- an `-> impl Trait` is an existential type which uses a trait as a bound, which should be equivalent to D's "Voldemort" types, except that it can still satisfy Trait requires for other functions. For example, if you `-> impl Iterator<Item = u32>`, you can pass that result to a function expecting an iterator of `u32`. However, the type is fully defined by the callee and can't be instantiated/inspected externally.


> With an interface, anyone else could come along and create their own implementation.

Not true in Rust, because the type returned by the function is a concrete type.

I think we may be overloading “name” here, a bit. If you return an “impl” in Rust, you have to name an interface, but you can’t actually create new instances of the concrete type returned by the function.


> Rust, you have to name an interface, but you can’t actually create new instances of the concrete type returned by the function.

I think that's the distinction that really matters. The thing that's neat about Voldemort types, and gives them their interesting properties that are distinct from anonymous types, is that they have no name at all. Not even an interface or trait name.


What would be a concrete use case which benefits from this? I am not experienced with D, but it just seems like it would make code more obscure

There's a bit more explanation on the D wiki: https://wiki.dlang.org/Voldemort_types

I don't really intend to say whether they are better or worse than other ways of accomplishing similar things. Just that they're different.


Yes, from that explanation it sounds like they are equivalent to Rust’s impl return types.

Note that interfaces in Rust are not types, they do not name types. A value cannot have interface type. What happens when you return an “impl” type is that you return some unspecified type, but that type must implement the specified interface.

You could translate the D example to:

    trait HasGetValue {
        fn get_value(&self) -> i32;
    }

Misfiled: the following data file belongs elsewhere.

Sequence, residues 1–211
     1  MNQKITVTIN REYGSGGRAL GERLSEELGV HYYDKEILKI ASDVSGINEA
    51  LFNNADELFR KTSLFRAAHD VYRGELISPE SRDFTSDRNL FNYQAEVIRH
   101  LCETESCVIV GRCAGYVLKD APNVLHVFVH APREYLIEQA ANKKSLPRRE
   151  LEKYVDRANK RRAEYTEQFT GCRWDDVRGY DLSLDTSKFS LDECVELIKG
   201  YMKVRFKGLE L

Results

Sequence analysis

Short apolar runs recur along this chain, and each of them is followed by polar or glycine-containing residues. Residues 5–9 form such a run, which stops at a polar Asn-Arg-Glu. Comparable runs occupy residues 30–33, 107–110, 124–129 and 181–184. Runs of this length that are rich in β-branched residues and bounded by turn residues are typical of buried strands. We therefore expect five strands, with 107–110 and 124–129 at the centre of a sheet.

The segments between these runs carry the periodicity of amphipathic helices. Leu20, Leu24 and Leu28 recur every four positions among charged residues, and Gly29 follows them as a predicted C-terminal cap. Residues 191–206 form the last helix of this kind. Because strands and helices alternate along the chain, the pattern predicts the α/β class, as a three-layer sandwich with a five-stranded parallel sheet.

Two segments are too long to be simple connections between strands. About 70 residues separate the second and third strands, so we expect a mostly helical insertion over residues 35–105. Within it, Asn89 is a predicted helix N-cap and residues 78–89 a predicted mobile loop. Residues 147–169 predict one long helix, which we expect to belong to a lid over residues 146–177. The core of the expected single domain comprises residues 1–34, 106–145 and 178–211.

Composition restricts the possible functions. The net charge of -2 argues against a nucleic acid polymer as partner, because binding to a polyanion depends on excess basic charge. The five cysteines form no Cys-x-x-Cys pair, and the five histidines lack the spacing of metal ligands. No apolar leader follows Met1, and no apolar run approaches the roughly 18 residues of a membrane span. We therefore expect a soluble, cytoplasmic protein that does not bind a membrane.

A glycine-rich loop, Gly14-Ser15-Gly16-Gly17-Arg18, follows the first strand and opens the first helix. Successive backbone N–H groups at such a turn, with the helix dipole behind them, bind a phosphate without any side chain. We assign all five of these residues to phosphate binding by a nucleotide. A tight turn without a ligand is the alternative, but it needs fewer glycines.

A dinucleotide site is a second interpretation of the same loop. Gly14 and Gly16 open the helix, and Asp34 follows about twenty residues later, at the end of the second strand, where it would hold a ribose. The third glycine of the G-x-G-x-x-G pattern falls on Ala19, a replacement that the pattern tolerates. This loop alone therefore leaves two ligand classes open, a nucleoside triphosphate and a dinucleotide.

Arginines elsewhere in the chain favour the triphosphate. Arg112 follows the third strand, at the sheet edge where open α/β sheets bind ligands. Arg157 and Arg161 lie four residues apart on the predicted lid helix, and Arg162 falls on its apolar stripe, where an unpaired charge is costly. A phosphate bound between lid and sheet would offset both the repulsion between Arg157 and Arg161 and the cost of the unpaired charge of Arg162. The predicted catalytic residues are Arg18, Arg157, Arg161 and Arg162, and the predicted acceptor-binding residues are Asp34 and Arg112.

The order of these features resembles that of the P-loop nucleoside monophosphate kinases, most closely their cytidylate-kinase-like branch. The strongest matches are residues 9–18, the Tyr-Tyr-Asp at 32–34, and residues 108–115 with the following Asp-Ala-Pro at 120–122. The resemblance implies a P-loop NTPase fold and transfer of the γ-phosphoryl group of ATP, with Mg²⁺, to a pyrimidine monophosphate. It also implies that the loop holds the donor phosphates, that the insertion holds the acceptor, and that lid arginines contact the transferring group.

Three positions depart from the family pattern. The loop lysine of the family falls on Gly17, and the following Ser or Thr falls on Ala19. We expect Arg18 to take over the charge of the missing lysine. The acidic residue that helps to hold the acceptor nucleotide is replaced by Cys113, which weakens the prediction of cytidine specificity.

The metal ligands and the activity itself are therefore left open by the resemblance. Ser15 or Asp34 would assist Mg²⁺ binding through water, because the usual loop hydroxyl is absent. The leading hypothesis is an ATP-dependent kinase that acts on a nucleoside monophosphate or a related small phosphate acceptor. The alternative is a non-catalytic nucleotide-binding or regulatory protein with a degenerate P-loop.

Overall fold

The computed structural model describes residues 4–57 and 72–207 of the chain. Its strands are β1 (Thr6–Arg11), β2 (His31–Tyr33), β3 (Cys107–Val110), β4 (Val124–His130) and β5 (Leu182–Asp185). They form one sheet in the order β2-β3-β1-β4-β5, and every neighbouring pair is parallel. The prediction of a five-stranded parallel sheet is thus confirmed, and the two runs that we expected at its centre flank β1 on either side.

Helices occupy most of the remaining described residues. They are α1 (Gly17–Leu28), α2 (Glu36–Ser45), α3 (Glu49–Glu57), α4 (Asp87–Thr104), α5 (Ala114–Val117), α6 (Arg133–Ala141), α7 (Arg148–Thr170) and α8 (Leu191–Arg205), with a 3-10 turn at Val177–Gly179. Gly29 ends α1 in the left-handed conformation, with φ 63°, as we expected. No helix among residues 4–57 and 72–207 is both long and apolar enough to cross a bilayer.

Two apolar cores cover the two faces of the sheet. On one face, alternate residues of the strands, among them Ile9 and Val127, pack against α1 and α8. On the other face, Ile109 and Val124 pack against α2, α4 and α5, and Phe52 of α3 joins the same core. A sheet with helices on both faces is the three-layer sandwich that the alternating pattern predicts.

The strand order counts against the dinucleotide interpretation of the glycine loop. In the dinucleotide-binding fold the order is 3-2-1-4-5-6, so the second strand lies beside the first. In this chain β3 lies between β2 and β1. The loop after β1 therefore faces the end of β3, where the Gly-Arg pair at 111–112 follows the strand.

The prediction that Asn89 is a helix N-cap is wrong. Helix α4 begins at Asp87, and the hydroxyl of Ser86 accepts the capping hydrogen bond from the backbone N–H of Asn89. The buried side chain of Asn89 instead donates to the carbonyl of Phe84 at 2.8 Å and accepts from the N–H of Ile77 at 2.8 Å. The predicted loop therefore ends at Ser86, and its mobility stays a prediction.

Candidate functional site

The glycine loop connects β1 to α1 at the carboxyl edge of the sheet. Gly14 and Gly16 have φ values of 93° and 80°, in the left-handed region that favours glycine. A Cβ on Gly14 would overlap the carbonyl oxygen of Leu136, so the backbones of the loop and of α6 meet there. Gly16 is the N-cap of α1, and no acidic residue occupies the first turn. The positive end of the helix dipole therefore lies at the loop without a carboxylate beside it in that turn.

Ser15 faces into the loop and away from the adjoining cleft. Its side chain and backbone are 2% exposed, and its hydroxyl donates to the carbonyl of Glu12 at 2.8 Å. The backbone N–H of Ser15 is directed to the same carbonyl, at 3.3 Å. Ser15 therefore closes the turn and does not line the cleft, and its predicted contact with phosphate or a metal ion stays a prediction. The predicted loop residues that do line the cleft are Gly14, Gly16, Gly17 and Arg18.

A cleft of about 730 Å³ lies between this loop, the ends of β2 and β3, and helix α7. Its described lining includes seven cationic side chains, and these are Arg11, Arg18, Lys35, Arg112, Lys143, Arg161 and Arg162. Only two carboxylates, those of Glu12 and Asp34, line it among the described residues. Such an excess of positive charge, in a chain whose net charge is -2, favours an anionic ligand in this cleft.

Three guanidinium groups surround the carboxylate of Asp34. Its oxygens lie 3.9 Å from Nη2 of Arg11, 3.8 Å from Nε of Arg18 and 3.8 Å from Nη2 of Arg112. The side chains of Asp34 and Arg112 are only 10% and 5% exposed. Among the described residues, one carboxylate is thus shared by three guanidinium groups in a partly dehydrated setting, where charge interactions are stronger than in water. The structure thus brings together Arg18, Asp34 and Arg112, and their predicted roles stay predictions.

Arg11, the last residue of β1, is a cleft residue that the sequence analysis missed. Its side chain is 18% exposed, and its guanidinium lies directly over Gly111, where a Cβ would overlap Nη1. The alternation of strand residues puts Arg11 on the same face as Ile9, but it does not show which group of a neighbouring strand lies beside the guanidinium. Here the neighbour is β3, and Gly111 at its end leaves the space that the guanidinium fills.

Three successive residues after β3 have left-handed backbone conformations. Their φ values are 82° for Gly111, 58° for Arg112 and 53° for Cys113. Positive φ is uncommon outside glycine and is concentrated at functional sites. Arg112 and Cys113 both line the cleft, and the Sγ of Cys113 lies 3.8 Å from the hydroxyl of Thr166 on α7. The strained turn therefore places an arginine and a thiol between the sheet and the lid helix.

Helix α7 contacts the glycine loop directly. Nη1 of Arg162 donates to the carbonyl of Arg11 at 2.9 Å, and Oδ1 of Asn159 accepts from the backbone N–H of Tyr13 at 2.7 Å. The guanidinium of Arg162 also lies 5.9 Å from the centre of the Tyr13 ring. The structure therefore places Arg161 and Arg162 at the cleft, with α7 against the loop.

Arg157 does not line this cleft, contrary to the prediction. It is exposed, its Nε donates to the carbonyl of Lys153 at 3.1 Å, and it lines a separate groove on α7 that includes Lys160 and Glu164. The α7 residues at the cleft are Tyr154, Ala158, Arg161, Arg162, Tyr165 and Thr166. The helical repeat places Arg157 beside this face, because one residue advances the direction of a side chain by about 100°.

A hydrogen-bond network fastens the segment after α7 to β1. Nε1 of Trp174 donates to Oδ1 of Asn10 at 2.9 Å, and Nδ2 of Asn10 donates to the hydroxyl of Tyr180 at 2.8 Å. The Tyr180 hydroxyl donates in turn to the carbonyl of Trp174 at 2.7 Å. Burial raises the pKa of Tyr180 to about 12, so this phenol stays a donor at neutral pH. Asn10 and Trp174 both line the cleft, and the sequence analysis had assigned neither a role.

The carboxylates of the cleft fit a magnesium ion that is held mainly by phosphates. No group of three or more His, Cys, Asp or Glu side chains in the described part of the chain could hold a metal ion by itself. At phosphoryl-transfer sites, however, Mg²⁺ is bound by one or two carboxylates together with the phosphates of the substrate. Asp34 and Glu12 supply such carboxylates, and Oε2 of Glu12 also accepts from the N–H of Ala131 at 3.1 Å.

fn create_voldemort_type(value: i32) -> impl HasGetValue {
        ...
    }
The “create_voldemort_type” function simply returns a value of unspecified type. As far as I can tell, this is equivalent to the D code, except it doesn’t use type inference for the function type.

Not really. Part of the point of voldemort types is that no information about the type is 'leaked' outside the function. In this case, the trait 'HasGetValue' is leaked and can be used by other code.

When would you want to have an interface such that nothing about the return type of a function is known to the outside world? I'm genuinely asking; I just don't understand the utility of this concept.

I don't think anyone's trying to argue about whether it's better or worse than the Rust concept. Just that it's subtly different.

I'm not interested in comparing it to the rust concept. I'm just curious why this is something people find valuable in D, and why another commenter would call it a feature D "would be ruined without"

The commentor is just mistaken. The two do the exact same thing.

That's fine, but I'm not interested in comparing them and I still don't understand what the benefit is

I sort of agree, but enforcing this only on things public / exported can be a nice compromise.

(I mean this as a general statement. Idk how the language handles this)


I actually like the option to have both inferred parameter and return types, primarily because they help in writing code while prototyping quickly with several types.

Once the code is well defined I then start adding the type annotations , often times using the ide tooling to auto generate them.

I think a good balance would be that all published packages should have type annotations added in their source code for clarity while short scripts could do without them.


Idk I mean maybe it's a matter of taste, but I just never felt like it was that cumbersome to write type names in the function signatures. In a short script it's not like you would usually have the dozens or hundreds of function signatures it would take to make this feel like drudgery.

Well think about writing functions inside a repl or interactive environments like jupyter notebooks or just plain scripting. Enforcing type annotations add little value in those cases and end up making the language ill suited for such use cases.

Whole form type inference is actually a super power that allows for writing extremely expressive code without giving up type safety.


I like explicit types on functions too.

However, it might be what I’m used to.

Do you think this would be less of a problem with editor/IDE support? Using colors, or other visuals, to infer and show the types while editing might overcome this desire.


Rust did not choose to infer types in signatures for UX and stability reasons. If you infer types in signatures, then a change in the body of the function can change the type of the function, which makes dealing with backwards compatibility harder. Also, it leads to weird "errors at a distance."